The world is still buzzing about the stunning, seemingly unimaginable mix-up at the finale of last night's Academy Awards ceremony.
In case you missed it, here's what happened: 50 years after they appeared on-screen together in Bonnie and Clyde, Warren Beatty and Faye Dunaway reunited onstage to present the award for Best Picture. After a rather lengthy and uneasy pause, Dunaway announced that La La Land had won the night's biggest honor.
As the cast and crew of La La Land assembled on the stage to accept the award, there was a stunning twist bigger than any Friday cliffhanger in the history of daytime television: it was announced that Moonlight had actually won Best Picture.
As stagehands raced onto the stage, La La Land producer Jordan Horowitz took to the microphone to announce that the mix-up was "not a joke." In an incredibly classy display, Horowitz held up the correct card that showed that Moonlight had, in fact, won. As the cameras panned to the star-studded audience, no one knew quite what to make of what was happening.
Eagle-eyed viewers TiVoed back the broadcast and zoomed in on the envelope Beatty had carried out onto the stage and saw that it was marked "Actress in a Leading Role."
Zoomed-in photo of the envelope Warren Beatty was carrying onstage -- it was NOT the envelope for best picture. pic.twitter.com/VThHQ8JnT8— USA TODAY (@USATODAY) February 27, 2017
But how was that possible when Emma Stone said that she was still clutching the "Actress In a Leading Role" envelope that she'd been given a short time earlier when she won her Oscar? Conspiracy theories ran amok on social media.
While an official explanation had yet to be given at the time this article was posted, it is known that there are two sets of envelopes printed. The reason, as you might assume, is to make sure that if something happens to one of the envelopes, there is a backup.
This is not the first time in awards show history that there has been a mix-up when it came time to announce a winner. No, we're not talking about Steve Harvey's infamous Miss Universe slip-up.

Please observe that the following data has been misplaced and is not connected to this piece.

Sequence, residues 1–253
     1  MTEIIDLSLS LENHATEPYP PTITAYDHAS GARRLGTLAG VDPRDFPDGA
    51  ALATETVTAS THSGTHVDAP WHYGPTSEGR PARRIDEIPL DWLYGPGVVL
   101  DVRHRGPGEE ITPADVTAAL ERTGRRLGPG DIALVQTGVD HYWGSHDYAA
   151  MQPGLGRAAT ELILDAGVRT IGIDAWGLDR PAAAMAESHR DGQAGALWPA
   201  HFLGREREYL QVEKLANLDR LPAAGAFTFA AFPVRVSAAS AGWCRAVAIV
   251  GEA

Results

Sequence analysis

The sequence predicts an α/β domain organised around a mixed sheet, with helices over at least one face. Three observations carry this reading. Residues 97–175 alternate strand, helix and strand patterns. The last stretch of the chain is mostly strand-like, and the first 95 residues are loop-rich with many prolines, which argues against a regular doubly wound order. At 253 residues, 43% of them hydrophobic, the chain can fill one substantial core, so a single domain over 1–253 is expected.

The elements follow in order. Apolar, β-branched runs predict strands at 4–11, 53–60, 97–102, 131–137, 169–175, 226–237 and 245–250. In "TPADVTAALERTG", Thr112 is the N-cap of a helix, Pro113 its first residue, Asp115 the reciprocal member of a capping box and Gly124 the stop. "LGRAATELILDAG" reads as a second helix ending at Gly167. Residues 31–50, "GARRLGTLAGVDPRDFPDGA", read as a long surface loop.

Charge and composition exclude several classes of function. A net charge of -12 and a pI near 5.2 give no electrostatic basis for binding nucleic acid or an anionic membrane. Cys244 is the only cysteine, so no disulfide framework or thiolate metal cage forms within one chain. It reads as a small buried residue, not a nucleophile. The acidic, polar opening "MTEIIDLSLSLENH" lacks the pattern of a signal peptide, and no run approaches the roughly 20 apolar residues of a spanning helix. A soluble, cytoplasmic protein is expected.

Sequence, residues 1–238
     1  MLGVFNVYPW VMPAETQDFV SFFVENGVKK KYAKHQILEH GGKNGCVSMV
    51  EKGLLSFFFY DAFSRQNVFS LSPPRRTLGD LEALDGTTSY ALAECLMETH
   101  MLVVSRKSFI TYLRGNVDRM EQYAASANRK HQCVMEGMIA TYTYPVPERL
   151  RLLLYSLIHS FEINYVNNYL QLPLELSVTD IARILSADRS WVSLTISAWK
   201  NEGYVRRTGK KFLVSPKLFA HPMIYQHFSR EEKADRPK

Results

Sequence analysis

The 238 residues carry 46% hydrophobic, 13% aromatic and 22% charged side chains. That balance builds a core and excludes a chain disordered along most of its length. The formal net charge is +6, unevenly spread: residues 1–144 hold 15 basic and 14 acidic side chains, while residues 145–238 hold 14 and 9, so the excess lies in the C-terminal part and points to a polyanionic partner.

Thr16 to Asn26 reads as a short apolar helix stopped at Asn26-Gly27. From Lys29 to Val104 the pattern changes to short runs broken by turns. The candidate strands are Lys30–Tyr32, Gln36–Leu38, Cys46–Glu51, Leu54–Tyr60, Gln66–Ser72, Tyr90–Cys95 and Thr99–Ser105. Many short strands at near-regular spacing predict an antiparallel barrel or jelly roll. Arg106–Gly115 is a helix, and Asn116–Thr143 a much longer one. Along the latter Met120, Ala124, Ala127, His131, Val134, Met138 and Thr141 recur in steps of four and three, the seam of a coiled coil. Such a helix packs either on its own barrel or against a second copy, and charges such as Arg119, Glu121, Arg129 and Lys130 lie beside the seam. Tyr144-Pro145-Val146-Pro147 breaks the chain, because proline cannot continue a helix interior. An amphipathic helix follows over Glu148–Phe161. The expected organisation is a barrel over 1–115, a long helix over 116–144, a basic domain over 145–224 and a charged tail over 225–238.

Way back in 1986, the Daytime Emmys had a flub of their own. We're not sure if that's something to brag about... or if we can finally find solace in knowing that the Daytime Emmys are no longer alone on the screwup stage.
(And we're not counting the near-mistake in 2013 when The Talk's Aisha Tyler was given the wrong envelope but realized it before she read the incorrect winner.)
Either way, here's how the 1986 incident played out.
During a national television broadcast (remember those days?), the writing team of The Young and the Restless was announced as the winner of the Outstanding Writing Team trophy. There was, however, what was subsequently called a "clerical error" made by the accounting firm of Coopers & Lybrand when they put together the list of winners. In actuality, Guiding Light's writing team should have been named as the winner.
In creating the official news release of winners, Coopers & Lybrand correctly listed the names of the writers of Guiding Light but incorrectly identified them as working for The Young and the Restless. With so many names, the card inside the envelope simply put the name of the soap that won -- which had incorrectly been listed as The Young and the Restless.
It wasn't until after the telecast that the mistake was uncovered.
"The greatest impact," then-head writer and Y&R creator William J. Bell said at the time, "is that a group of awfully fine, talented people were hurt the way few people can be hurt, because ultimately it became a great indignity, and it never should have happened."
Bell's words still ring true for the Oscar mishap, even though it was discovered before the telecast ended.
While this epic fail may go down as the most shocking moment in Oscar history, there is another history that was made -- one that should not be overlooked. Moonlight's win marks the first time that the Best Picture winner featured a gay lead character. It is also the highest profile movie to tell the story and journey of a Black gay male.
Many of us take for granted that we can flip on the television or head to the local Cineplex and see people who look like us or tell stories that we can relate to. If Moonlight, which tells the story of group of people historically underrepresented in film, can help save just one life, then that is a greater prize than any golden statuette.
UPDATE (February 27): PricewaterhouseCoopers has issued a statement on the snafu
"We sincerely apologize to Moonlight, La La Land, Warren Beatty, Faye Dunaway, and Oscar viewers for the error that was made during the award announcement for best picture," said PricewaterhouseCoopers in a statement, which has overseen the Academy's ballot-counting process for 83 years. "The presenters had mistakenly been given the wrong category envelope and when discovered, was immediately corrected. We are currently investigating how this could have happened, and deeply regret that this occurred. We appreciate the grace with which the nominees, the Academy, ABC, and Jimmy Kimmel handled the situation."
What do you make of the Oscar mishap? Do you remember the Daytime Emmy debacle? We want to hear from you -- and there are many ways you can share your thoughts.